Optionally, a memory chip package 87 can be conveniently mounted on the ceramic substrate 87 and interconnected to associated externally accessible contact pads by associated conductive leads 83 of the flexible printed circuit substrate 85.

The pressure of the ink supply (for example as detected via the ink supply line) remains approximately equal to the pressure of the pressurizing gas (for example in the pressure line) for much of the ink supply life, and thus the differential pressure is approximately zero for much of the ink supply life. As the ink supply approaches an empty condition, the pressure of the ink supply decreases with decreasing remaining ink, whereby the differential pressure increases with decreasing ink. The relationship between differential pressure and the amount of ink remaining is reasonably consistent for any given system and can be reliably characterized.

A low ink level warning can optionally provided when the supply pressure decreases below a selected supply pressure threshold that is indicative of a low ink level threshold.

In an exemplary embodiment, the pressure sensor 71 is fabricated on a silicon die, which is positioned over the opening 73A formed in the substrate 73. In this exemplary embodiment, the sensor is a commercially available part, e.g. a Silicon Microstructure SM5102-005 pressure sensor, having a die size of about 2 mm by 2 mm by 0.9 mm high. In accordance with this invention, means are provided for improving the robustness of the pressure sensor 71 to high frequency pressure waves or pressure shocks, i.e. sudden spikes or increases in the pressure differential being monitored by the pressure sensor. Such pressure shocks can be the result of, for example, a full ink supply being dropped or roughly handled during manufacture, shipping or other handling.

Embodiments of the invention include mechanical filters, serving as protection structures, configured to prevent high-frequency pressure shocks from damaging the pressure sensor, while not substantially affecting static and low frequency measurements.

In a first embodiment, a mechanism for dampening the high frequency pressure waves comprises a mass of low-stiffness material 300 such as a low stiffness adhesive deposited over the exterior of the sensor die, as illustrated in FIGS. 12, 13 and 16. The low-stiffness material is flexible enough to allow the pressure sensor die, which forms a pressure sensor diaphragm in this embodiment, to deflect in response to pressure differentials as intended, while dampening deflections in response to high frequency pressure waves. The mass of material improves the shock robustness of the sensor. An exemplary material suitable for the purpose as the low-stiffness material is silicon RTV (room temperature vulcanizing) sealant/adhesive. Tests indicate significant improvement in pressure shock robustness from application of the low-stiffness material 300 covering some or all of the exterior surface of the sensor die 71, with only relatively small reduction in sensitivity of the pressure sensor. The low-stiffness material can also cover some or all of the external surface of the substrate 73 without significant effect on the operation of the pressure sensor. Preferably, the mass 300 is large enough to cover the surface of the sensor die, in this exemplary embodiment at least 2 mm by 2 mm.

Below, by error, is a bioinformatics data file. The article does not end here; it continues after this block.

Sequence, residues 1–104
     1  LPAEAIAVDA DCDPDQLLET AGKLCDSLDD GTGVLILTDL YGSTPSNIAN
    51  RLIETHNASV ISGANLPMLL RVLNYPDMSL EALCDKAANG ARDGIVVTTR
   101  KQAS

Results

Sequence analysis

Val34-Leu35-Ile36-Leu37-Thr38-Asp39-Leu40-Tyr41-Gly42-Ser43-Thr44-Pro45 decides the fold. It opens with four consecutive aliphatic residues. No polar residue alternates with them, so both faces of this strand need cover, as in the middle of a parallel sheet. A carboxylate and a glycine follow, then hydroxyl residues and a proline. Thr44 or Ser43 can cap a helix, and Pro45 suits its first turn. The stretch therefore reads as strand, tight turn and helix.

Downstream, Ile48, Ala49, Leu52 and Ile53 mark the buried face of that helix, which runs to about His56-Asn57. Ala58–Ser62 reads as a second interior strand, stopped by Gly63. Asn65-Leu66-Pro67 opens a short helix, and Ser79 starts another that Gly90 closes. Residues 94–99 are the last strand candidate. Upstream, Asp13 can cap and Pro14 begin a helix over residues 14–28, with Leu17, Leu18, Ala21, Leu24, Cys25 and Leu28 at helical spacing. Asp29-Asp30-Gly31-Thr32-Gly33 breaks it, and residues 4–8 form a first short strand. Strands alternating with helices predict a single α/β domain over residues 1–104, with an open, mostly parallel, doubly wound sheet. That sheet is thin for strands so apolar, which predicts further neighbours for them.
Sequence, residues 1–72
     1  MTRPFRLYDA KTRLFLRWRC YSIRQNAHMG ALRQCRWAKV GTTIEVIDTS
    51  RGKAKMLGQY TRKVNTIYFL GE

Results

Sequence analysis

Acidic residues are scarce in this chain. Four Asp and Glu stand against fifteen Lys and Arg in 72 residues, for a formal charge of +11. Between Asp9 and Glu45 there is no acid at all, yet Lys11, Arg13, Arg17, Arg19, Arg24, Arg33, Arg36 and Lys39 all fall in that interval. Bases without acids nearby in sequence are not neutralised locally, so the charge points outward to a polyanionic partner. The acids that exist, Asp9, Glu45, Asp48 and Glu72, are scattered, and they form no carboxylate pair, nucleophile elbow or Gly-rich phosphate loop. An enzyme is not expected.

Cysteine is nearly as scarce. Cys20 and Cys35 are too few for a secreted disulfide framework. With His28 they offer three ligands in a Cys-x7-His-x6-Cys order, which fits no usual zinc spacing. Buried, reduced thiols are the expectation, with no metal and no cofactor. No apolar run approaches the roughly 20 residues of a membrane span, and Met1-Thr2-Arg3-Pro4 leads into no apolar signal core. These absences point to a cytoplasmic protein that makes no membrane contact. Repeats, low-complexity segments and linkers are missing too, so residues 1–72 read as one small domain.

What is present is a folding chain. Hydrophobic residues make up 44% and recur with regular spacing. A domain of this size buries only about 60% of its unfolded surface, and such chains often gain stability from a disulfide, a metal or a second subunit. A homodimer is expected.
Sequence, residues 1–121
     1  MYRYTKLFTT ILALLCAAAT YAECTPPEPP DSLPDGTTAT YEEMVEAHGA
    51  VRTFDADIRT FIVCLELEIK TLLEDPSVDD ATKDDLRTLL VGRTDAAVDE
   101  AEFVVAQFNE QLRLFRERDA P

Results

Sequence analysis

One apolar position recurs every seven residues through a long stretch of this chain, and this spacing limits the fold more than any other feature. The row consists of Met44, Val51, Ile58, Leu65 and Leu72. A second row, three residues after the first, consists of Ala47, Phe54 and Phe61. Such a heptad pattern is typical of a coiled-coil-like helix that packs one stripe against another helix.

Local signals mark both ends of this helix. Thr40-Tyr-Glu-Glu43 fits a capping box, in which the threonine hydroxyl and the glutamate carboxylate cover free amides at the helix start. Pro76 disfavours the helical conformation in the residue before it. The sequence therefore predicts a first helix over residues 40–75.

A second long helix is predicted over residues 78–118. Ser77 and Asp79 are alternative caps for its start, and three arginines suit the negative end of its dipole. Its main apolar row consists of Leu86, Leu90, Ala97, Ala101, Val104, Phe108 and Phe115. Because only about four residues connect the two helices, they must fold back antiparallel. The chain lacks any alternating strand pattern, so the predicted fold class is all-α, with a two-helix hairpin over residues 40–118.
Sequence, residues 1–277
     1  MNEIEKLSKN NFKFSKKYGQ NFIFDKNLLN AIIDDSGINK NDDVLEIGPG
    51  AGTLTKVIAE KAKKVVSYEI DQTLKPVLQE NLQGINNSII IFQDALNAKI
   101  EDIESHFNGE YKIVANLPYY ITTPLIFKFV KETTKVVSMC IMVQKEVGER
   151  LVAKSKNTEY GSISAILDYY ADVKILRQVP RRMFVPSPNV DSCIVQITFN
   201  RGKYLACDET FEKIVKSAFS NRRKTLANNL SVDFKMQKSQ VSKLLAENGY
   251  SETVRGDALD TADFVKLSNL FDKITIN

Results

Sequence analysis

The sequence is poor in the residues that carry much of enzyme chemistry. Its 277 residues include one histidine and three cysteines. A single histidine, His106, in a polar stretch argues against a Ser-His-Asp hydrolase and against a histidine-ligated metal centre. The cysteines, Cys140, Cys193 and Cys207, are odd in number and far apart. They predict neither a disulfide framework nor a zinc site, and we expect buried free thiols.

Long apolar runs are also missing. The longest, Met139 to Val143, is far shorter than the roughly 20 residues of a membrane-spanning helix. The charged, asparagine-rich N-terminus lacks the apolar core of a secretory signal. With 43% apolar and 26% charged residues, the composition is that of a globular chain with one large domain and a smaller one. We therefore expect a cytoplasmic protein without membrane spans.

In another embodiment of a means for improving the robustness of the pressure sensor to pressure spikes, a porous plug 310 is fitted between the fluid path 1110A leading to the pressure sensor, i.e. between the main body of the fluid and the pressure sensor. In an exemplary embodiment, the plug 310 is a porous metal plug, e.g. a sintered stainless steel plug having a pore size on the order of 10 micrometers, although other pore sizes can alternatively be employed. For example, pore sizes in the range of 0.5 micrometer to 20 micrometers can provide protection against pressure spikes. The plug acts as a low-pass filter and passes gradual changes in pressure to the pressure sensor, but not pressure spikes. In an exemplary embodiment, the plug has respective diameter and length dimensions on the order of 1.3 mm and 2 mm. Other plug embodiments could alternatively be employed, e.g. plugs fabricated of porous ceramic or plastic materials.

Tests of these techniques for improving shock robustness indicate that, for the disclosed exemplary embodiments, both techniques significantly improve the robustness of the pressure sensors to pressure spikes. These tests indicate moderate improvement to shock robustness with little loss of sensor sensitivity for the mass of low-stiffness material 300. The porous pressure dampener 310 virtually eliminated failures due to shock.

A third exemplary embodiment of a means for improving the robustness of the pressure sensor to pressure spikes is illustrated in FIGS. 17-20. A labyrinth o-ring gasket structure 320 replaces the o-ring 75 of the embodiment of FIG. 11, between the interior of the outlet port 1110 and the unoccupied portion 1103 b of the interior chamber 1103, and is sandwiched in a face seal arrangement between the chassis o-ring gland recess 1120B (FIGS. 19-20) and the sensor substrate 73. Pressure spikes are attenuated by the labyrinth o-ring structure which forms a low pass filter. The seal structure has symmetrical features on the bottom, reservoir side 320A and front, sensor side 320B (FIGS. 17 and 18).

The structure 320 includes a diaphragm portion 321 (FIG. 19) which covers most of the inner diameter of the o-ring structure. An outer circumferential gland 324 extends about the periphery of the o-ring structure. An inner C-shaped gland 326 is spaced between a central surface region 328 and the outer gland 324, and has an opening 326A (reservoir side) and 326B (sensor side) defined in the wall defining the gland. Channels 330A (reservoir side) and 330B (sensor side) are formed between the glands 322, 324. A through hole 322 is formed through the diaphragm portion 321 of the o ring structure between the outer gland 324 and the inner gland 326, and permits fluid flow between the reservoir side and sensor side of the o-ring.